EDMONTON — You can fuss over a fifth-line centre, which No. 7 defenceman should have made the team, or whether Darnell Nurse and/or Leon Draisaitl are ready for prime time here in Edmonton. But if ever there was a big picture team among the seven Canadian clubs, this losing outfit is the one.
Today, Oilers fan is like Blue Jays fan — beaten down by years of futility. The embarrassed owners of the longest playoff droughts in their respective leagues.
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So Edmontonians are less interested in whether Brad Hunt or Martin Marincin make the opening day roster, and far more concerned with getting a meaningful game for their $200 in February and March, for the first time in ages.
The team that gave us the TV series “Oil Change” has ironically managed not to change even a bit. So we asked second year general manager Craig MacTavish on cut-down day: Why should fans think that this year is going to be any different?
“You’re underestimating the quality of our fans. The educated fan base would say there is a lot of reasons for optimism,” was how his reply began. Then he began to tick off the reasons:
“I know the goaltending is stabilized. We set out to make some changes and improve the depth on defence. We’ve done that. We’ve got development of our star players, [and additions] with Leon playing well. Teddy Purcell has played very well the last three games. Benoit Pouliot has been an extremely valuable addition.
“So there’s no question, in my mind, that we’re better. And we’re significantly better. But…” It was a big but. One that requires explanation.
The question with this team isn’t if it is better. Of course it is it, for all the reasons MacTavish just stated.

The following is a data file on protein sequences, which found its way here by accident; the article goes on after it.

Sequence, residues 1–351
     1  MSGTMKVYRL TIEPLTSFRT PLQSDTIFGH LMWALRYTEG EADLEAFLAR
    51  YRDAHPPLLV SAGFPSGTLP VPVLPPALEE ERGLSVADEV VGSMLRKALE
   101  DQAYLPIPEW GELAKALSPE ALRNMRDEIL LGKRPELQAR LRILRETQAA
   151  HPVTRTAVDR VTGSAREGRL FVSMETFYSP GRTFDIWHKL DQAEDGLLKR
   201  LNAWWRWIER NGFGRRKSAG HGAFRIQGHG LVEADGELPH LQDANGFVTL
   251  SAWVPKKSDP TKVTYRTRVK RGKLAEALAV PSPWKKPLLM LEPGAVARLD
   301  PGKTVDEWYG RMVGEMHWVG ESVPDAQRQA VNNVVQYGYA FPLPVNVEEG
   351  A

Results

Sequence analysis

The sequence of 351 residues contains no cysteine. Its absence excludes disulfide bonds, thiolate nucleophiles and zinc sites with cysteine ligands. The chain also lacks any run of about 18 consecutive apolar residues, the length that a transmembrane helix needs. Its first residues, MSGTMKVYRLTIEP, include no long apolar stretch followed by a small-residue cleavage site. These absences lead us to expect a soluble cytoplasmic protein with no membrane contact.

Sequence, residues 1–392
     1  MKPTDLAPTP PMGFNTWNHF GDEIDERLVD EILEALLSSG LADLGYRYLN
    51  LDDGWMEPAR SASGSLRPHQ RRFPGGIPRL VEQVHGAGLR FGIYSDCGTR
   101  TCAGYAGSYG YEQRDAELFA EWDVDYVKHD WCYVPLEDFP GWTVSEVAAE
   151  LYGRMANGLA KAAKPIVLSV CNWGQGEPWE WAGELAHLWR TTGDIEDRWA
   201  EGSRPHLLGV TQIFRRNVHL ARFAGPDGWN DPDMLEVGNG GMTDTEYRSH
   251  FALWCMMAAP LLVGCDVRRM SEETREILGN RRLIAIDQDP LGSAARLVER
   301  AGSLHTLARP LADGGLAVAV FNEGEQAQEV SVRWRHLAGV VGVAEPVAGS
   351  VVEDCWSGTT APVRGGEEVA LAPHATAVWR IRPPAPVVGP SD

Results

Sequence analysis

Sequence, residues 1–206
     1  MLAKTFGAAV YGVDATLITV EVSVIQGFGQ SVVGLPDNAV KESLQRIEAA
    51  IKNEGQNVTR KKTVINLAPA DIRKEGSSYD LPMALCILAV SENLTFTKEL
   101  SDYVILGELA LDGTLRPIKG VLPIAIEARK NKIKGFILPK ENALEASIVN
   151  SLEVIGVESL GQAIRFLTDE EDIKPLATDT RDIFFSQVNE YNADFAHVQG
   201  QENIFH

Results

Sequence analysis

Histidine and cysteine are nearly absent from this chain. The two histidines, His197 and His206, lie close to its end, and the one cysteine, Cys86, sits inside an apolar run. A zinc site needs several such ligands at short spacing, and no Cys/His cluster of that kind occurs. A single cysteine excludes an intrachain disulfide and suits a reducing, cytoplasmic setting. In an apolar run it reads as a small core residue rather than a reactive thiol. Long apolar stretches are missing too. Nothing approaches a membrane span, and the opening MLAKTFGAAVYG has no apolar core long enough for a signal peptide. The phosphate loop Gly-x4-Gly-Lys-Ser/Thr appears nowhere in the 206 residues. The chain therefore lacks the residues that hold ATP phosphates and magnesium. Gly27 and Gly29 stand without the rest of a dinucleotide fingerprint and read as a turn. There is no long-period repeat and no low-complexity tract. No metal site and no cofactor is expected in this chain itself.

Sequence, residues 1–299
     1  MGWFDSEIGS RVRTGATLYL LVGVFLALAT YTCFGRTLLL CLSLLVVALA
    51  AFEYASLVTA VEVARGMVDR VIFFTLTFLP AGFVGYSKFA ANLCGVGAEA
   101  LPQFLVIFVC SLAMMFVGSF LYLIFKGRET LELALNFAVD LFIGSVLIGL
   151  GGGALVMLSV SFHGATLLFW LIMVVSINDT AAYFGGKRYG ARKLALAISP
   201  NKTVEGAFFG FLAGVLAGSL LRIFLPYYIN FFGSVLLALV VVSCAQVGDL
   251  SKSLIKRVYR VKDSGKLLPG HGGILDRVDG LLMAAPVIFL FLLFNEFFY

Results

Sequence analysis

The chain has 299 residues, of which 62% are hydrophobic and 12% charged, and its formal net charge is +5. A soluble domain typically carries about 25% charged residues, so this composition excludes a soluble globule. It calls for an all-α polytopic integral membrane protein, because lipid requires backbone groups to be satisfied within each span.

The busiest GM in the league, MacTavish has turned over every player on his team since he took the job, except for Ryan Nugent-Hopkins, Taylor Hall, Jordan Eberle, Nail Yakupov, Justin Schultz and Jeff Petry. Every other player and coach who was there when MacTavish took the job on April 15, 2013 — save goalie coach Frederic Chabot — is history.
The Oilers are better for it. But does that mean they are good enough to remain in the playoff conversation until Match 1?
“But we’re closing a significant gap,” is how that sentence ended. “We were a very poor team last year; a very flawed team last year. So my optimism is muted by the fact we have a significant distance to close to get into that [playoff] race.”
Centre is the last position at which the Oilers just don’t have four NHL players. So Draisaitl, Edmonton’s no. 3 overall pick, makes this team hands down, ready or not. Nurse sticks, but only for now. He’ll begin the nine-game audition that junior-aged players are allowed, but unless his game can ascend with the rising level of competition, he’ll be watching the Grey Cup in Sault Ste. Marie.
As an organizational decision, Edmonton kept quiet fifth-line centre Will Acton around but sent gritty, aggressive winger Steve Pinizzotto to the minors. It is clear MacTavish and head coach Dallas Eakins do not see a need to change the fact that Rexall Place has been an easy, bruise-free zone for visiting teams for multiple seasons now. This columnist does not agree.
Small, hard-shooting Brad Hunt makes the blue-line for now, while Marincin gets the kick in the pants he needs: a trip to the minors to teach him that he’ll have to work for success, and he hasn’t done enough of that for management’s liking.
Centre Anton Lander got outplayed at camp again, and continues to disappoint. Big, former Maple Leafs defenceman Keith Aulie may or not be an NHL defenceman at this stage, but today he is not one. He is either blue-line insurance or a bad offseason signing by MacTavish — time will tell.
As for the centre ice position, when Eakins was asked about it he sounded very much like Evander Kane does when he is asked if he likes playing in Winnipeg. Tepid and noncommittal are words that come to mind.
“Are you confident in that group [of centres]?” Eakins was asked.
“Yeah. It’s, uh, the group, uh, that, that won the spots,” he said, sounding as nervous as a head coach can sound on a Sunday in October. “We only have so many centres in our organization, and those were the guys that, uh, with Nuge, [Boyd] Gordon, Draisaitl, [Mark] Arcobello and Will Acton, they were the guys that won the spots.”
Hey, even a claimer race has to end with a win, a place and a show.
The Oilers are better. The question remains, however: better than what?